Happy People, the second full length release by English indie rock band Peace, is an enjoyable piece of alternative music that showcases heavy influence from the great English bands of the past. It’s easy to pick up on the heavy Beatles influence, but there are also a strong Oasis feeling to the album. Peace manages to capture some of the same styles and elements of their predecessors, but ultimately, Happy People is an indie rock album at heart, and one that struggles to stand out in the crowded genre.
The opening track “O You” is a catchy pop tune with a chorus that has a great retro feel, similar to the Beatles in its harmonies and guitar work. The track is a solid start to the album, but the remainder of the album fails to keep the same spirit and catchiness that is demonstrated so well on “O You”. The following track “Gen Strange” is a forgettable piece of groove-based rock. The lyrics are pretty nonsensical as well, sticking to the usual tropes of this genre. The song “Perfect Skin” has a great chorus, featuring a heavy bass riff and bombastic harmonies, but the rest of the track feels too similar to this decade’s style of indie music to be interesting.
The track “Someday” feels just like an Oasis track, namely their hit “Wonderwall”, as it features a similar vocal delivery and slowly paced acoustic guitar. However, Peace gives the track their own flair by adding atmospheric synths and soft vocal harmonies in the chorus. It’s a solid track, and a good change of pace for an album that feels all too similar. The following song “Money” is a lyrical bright spot for the album, singing about the consumerism of modern culture and our obsession with money. “Welcome to a world where bitcoins pay for beatings and diamonds pay for girls” sings lead vocalist Harry Koisser. However, the instrumentation of this track is rather uninteresting, feeling like 2000s era Muse track.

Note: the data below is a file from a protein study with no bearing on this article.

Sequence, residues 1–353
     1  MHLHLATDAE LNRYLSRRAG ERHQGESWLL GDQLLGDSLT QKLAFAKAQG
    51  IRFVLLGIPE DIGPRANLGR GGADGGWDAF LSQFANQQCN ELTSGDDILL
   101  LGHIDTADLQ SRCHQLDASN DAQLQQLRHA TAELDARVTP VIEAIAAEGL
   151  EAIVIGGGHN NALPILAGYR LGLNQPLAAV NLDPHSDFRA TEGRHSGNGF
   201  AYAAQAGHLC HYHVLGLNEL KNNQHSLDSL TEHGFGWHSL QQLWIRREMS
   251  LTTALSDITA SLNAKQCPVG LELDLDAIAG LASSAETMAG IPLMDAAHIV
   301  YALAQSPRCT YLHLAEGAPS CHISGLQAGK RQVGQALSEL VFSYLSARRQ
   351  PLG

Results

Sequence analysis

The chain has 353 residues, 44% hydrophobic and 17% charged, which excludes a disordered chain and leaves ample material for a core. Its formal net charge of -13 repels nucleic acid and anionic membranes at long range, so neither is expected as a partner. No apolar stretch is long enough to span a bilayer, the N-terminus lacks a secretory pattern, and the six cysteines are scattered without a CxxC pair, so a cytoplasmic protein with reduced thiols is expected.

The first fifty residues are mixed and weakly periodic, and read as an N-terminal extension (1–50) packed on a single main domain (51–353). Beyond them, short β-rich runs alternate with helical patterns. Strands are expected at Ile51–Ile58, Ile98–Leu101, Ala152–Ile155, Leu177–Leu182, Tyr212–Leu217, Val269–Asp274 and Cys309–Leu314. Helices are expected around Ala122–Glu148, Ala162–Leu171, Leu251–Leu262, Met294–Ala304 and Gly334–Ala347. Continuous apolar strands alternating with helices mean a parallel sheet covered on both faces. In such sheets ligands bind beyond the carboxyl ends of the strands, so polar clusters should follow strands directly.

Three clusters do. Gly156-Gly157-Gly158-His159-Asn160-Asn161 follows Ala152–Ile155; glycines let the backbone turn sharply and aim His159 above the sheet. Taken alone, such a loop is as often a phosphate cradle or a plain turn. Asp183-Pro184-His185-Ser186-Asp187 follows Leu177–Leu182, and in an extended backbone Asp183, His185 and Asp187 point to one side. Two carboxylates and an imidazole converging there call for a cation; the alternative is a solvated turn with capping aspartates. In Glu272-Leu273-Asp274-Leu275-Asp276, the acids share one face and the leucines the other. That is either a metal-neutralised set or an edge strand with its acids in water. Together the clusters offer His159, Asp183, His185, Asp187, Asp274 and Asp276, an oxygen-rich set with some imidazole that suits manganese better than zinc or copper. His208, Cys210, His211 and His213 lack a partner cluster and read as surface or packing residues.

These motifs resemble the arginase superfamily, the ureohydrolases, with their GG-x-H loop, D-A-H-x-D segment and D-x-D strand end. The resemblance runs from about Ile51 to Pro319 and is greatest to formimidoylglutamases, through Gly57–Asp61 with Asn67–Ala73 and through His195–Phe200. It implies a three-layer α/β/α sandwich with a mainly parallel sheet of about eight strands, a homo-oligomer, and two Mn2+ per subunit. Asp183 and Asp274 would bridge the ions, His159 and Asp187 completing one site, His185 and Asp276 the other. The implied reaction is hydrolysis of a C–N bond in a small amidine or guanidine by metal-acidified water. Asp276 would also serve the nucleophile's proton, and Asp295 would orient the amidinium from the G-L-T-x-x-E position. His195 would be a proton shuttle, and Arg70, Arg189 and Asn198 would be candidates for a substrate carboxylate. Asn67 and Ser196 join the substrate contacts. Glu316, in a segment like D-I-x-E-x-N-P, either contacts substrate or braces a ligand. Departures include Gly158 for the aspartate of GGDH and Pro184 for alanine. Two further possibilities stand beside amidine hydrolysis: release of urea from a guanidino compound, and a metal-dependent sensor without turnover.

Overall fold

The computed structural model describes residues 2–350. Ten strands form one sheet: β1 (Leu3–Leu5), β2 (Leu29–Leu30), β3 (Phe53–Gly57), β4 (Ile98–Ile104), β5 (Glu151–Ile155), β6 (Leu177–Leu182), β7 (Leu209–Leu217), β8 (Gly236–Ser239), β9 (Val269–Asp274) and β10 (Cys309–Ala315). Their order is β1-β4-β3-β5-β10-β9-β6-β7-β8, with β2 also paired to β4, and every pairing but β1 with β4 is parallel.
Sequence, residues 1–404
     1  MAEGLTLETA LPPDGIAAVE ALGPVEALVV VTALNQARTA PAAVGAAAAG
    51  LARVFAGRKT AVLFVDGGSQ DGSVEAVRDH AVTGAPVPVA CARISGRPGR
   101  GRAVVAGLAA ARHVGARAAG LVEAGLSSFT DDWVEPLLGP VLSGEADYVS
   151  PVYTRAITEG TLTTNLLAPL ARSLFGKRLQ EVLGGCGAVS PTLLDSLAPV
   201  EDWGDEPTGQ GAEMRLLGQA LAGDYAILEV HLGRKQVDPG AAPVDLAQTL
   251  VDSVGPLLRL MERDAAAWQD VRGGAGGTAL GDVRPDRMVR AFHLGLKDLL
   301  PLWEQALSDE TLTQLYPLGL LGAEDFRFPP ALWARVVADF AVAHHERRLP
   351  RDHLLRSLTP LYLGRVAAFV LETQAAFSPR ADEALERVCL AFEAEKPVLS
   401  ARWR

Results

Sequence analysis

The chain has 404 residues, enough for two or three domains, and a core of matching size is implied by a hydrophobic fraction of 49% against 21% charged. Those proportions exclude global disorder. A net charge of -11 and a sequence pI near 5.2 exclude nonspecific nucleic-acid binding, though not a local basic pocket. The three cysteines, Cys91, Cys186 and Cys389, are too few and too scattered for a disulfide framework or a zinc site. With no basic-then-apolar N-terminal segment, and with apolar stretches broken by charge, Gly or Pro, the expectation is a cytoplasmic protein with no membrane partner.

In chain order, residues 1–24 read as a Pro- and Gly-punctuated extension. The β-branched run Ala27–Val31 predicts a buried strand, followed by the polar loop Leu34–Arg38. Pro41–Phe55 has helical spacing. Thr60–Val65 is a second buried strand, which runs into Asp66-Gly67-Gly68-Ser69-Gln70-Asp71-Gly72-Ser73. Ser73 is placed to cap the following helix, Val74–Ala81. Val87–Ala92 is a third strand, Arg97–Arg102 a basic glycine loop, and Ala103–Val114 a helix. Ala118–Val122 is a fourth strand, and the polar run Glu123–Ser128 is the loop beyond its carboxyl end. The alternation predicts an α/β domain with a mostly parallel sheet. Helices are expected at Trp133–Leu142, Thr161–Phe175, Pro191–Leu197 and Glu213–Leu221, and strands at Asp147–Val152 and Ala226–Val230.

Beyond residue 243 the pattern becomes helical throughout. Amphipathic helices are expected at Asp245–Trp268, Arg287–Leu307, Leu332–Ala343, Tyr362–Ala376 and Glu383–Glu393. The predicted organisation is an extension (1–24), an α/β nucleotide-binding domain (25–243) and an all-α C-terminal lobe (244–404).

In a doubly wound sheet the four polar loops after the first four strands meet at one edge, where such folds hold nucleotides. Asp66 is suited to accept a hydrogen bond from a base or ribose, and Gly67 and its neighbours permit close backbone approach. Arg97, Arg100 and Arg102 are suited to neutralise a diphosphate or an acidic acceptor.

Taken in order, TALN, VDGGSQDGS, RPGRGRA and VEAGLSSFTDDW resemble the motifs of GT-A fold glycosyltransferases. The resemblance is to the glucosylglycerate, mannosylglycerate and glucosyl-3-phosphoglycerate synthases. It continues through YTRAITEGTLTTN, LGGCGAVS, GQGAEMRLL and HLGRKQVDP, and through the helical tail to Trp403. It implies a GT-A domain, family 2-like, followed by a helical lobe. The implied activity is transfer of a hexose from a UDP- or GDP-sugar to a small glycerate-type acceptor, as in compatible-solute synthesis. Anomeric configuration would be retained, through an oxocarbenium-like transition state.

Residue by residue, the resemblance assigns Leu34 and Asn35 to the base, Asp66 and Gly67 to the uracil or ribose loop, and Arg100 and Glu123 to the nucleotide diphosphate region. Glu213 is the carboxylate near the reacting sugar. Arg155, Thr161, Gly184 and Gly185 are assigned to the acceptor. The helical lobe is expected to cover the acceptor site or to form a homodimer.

The album’s final two tracks “Under the Moon” and “World Pleasure” leave off the album on a happy note, with the former being one of the better tracks on the album. It’s a moody, downtempo piece that feels slightly different from the rest of the album, or at least enough to leave an impression on the listener. However, the album as a whole fails to hold on to the listener’s attention and by the time the final track comes to an end, it’s hard to remember a particular stand out track. Happy People is to unoriginal and bland to really capture and engross the listener, which is a shame for a band that showed potential on their debut In Love. Peace’s sophomore effort is far from a bad album, but rather just an average album, and one that is not worth taking the time to listen to.
Standout Tracks: “O You” and “Someday”